Only a miserable pessimist could quibble with this week’s strong economic growth figures - or someone who understands the national accounts. Wednesday’s data deal a further blow to the already damaged credibility of the official budget forecasts. Inflation was much lower in the March quarter than the budget forecasts assume for the coming financial year. And wages are flat. This matters for the budget bottom line, since income tax receipts rely on a reasonable level of price inflation together with rising real wages. Neither is present.
Add to that the silly iron ore price forecasts in the budget and you get the near-certainty that the actual budget deficit will be considerably worse than the $37 billion estimated at budget time just a month ago and reaffirmed in the pre-election economic and fiscal outlook a fortnight ago.
Here we go again. Under questioning from the media pack, both sides of politics will be tempted to pledge during the election campaign that there will be no further spending cuts or tax rises beyond those already announced. When the so-called blue book prepared by the treasury is handed to the incoming treasurer, it will warn of an imminent budget blowout and advise of the necessity of a new round of spending cuts to avoid a downgrade of Australia’s AAA credit rating.
If the government accepts this advice it will announce new savings measures, breaking its pre-election promises. The new senate will rightly argue the government has no mandate for these spending cuts and will block them.
Sensing the inevitability of all this, the shadow treasurer, Chris Bowen, has announced an incoming Labor government will rely on the independent parliamentary budget office for official forecasts and will bring down a mini-budget that protects Australia’s enviable credit rating.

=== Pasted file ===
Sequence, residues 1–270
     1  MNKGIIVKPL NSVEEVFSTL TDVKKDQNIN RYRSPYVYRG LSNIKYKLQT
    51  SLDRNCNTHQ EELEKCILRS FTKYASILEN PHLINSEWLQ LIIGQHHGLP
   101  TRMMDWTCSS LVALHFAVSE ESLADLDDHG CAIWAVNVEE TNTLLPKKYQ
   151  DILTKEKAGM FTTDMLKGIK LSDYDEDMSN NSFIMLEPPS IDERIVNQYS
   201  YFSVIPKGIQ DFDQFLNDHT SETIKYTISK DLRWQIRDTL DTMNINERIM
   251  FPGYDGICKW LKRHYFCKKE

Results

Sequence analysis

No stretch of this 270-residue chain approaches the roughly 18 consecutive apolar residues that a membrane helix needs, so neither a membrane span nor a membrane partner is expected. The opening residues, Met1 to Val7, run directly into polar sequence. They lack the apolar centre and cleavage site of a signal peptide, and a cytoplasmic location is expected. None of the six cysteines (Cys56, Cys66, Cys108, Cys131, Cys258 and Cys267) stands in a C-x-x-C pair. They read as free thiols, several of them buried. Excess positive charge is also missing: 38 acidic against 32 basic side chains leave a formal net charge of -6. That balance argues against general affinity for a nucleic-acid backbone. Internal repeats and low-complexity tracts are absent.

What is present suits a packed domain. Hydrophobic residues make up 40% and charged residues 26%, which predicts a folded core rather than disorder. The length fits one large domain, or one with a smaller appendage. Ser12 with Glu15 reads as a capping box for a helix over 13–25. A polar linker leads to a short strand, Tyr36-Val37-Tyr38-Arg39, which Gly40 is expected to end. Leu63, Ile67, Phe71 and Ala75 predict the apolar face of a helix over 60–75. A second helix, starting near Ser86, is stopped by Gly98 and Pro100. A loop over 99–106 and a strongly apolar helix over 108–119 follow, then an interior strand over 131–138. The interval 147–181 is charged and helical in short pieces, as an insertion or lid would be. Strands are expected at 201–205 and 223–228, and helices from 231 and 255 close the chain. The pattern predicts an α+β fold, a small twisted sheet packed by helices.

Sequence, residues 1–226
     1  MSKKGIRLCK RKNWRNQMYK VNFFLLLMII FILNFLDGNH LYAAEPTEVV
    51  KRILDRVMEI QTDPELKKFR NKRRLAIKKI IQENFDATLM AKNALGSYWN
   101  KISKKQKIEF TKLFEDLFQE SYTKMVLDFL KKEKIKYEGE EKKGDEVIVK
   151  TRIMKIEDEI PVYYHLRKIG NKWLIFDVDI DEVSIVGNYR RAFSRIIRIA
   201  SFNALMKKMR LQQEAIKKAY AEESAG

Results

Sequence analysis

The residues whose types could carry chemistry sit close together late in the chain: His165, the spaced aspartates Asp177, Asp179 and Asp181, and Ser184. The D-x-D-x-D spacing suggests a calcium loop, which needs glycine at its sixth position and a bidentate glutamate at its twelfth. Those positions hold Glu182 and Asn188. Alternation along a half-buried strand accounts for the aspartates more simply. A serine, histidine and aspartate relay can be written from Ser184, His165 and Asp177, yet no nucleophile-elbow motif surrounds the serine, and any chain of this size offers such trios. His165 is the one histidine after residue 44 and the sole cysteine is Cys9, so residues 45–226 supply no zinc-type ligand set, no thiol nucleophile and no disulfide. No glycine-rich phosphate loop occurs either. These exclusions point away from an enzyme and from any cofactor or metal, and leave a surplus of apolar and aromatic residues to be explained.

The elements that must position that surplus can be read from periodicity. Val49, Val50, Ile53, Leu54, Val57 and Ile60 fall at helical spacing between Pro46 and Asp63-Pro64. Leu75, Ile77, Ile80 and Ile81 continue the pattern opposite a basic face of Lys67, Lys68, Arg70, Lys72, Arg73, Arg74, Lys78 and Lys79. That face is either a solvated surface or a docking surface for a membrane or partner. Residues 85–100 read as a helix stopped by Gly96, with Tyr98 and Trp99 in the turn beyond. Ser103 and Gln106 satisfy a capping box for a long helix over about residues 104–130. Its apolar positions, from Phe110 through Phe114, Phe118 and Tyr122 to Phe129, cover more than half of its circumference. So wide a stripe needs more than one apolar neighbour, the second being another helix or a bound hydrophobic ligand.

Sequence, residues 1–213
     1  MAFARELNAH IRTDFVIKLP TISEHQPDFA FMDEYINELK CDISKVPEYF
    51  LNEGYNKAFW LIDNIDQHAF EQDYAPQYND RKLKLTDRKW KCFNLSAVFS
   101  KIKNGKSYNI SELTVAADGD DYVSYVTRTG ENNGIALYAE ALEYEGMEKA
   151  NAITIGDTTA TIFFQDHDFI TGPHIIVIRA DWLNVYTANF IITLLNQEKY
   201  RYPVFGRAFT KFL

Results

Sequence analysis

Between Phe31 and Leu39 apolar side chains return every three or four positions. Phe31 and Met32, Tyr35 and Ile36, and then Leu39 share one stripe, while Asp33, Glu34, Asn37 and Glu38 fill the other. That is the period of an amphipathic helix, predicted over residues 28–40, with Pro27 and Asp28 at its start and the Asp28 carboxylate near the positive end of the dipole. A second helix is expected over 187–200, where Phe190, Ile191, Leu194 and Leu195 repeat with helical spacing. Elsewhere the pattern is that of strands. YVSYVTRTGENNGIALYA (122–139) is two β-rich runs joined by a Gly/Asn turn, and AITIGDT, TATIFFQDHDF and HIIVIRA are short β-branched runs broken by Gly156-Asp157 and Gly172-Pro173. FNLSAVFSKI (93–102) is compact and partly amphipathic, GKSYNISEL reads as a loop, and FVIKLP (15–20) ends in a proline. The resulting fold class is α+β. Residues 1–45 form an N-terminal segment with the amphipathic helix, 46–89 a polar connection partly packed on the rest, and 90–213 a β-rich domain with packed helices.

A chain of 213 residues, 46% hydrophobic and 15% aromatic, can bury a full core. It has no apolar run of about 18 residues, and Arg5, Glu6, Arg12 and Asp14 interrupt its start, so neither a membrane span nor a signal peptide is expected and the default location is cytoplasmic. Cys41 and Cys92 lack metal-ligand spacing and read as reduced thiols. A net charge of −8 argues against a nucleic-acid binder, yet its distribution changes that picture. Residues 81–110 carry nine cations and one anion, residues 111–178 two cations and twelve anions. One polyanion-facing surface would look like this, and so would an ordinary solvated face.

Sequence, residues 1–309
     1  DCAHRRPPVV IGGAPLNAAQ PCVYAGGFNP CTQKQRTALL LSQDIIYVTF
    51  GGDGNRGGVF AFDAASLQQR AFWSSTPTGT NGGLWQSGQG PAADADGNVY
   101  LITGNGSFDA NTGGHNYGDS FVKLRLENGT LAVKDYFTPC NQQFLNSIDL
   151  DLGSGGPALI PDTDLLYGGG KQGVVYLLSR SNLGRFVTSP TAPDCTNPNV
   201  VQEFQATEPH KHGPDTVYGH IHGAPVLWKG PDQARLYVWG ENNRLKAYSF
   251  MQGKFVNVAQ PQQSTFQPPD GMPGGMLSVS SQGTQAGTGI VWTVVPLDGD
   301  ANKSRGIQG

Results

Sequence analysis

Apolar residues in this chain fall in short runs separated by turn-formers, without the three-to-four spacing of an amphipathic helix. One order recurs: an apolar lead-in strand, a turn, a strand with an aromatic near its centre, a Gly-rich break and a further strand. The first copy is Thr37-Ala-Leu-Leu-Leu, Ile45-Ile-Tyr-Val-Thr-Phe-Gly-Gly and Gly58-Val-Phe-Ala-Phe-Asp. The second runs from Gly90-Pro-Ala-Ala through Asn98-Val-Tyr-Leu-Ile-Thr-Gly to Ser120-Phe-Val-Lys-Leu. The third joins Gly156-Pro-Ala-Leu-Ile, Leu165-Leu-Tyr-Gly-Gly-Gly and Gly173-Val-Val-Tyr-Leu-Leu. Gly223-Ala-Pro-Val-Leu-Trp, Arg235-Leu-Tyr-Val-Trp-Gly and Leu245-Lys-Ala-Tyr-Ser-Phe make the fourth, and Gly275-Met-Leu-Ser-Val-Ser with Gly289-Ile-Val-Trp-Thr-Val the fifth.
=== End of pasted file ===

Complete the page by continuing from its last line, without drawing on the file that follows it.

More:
But if Labor and the Coalition agree to play the media’s rule-in, rule-out game, they will have no room to manoeuvre. If they refuse to play, they can expect headlines screaming: “[insert leader’s name] refuses to rule out further spending cuts and tax hikes]. Under pressure, both leaders are likely to succumb – just as Tony Abbott did on the eve of the 2013 election when he promised no cuts to health, education and pensions, only to break all those promises and more in the notorious 2014 budget that destroyed his prime ministership.
After almost four years of falling or stagnating incomes, voters would be incensed by this breach of faith by an incoming government. They will not accept the facile excuse that the new government didn’t know the cupboard was bare. That leaves only one other option for the incoming government – keep all its promises, jeopardise our credit rating and pile up debt to be repaid by future generations. It’s as if the present generation of Australians are asking: “what’s the future ever done for me?”
Yet Australians will accept a proposition if it has merit and is put to them openly and candidly. Both parties should not just acknowledge that we must live within our means; they should explain that in government they will do the right thing by the Australian people. If that requires new spending cuts and tax rises not foreshadowed during the election campaign then so be it.
This might seem fanciful but it has been done before with great success. The Hawke government was re-elected handsomely in 1987 having announced swingeing spending cuts in the August 1986 budget and in a 1987 May statement. The public reacted so favourably to the May statement, titled “restraint with equity”, that Hawke called an election within weeks of its delivery.
In the Howard government’s first budget after the 1996 election it announced large spending cuts, including many that it had not set out before the election, and which put the budget on a path to surplus.
The public are not mugs. They know what’s going on. They know what’s needed. And they will reward candour and honesty from leaders who show them respect by levelling with them. During such a long election campaign, the temptation for the leaders will be to run around the country making announcements of new spending. Each time they do, they contradict the message that we must live within our means. They are channelling St Augustine: “Lord make me pure but not just yet.” With just four weeks to go before polling day, the blessing of purity awaits the leader who is willing to make the necessary sacrifice.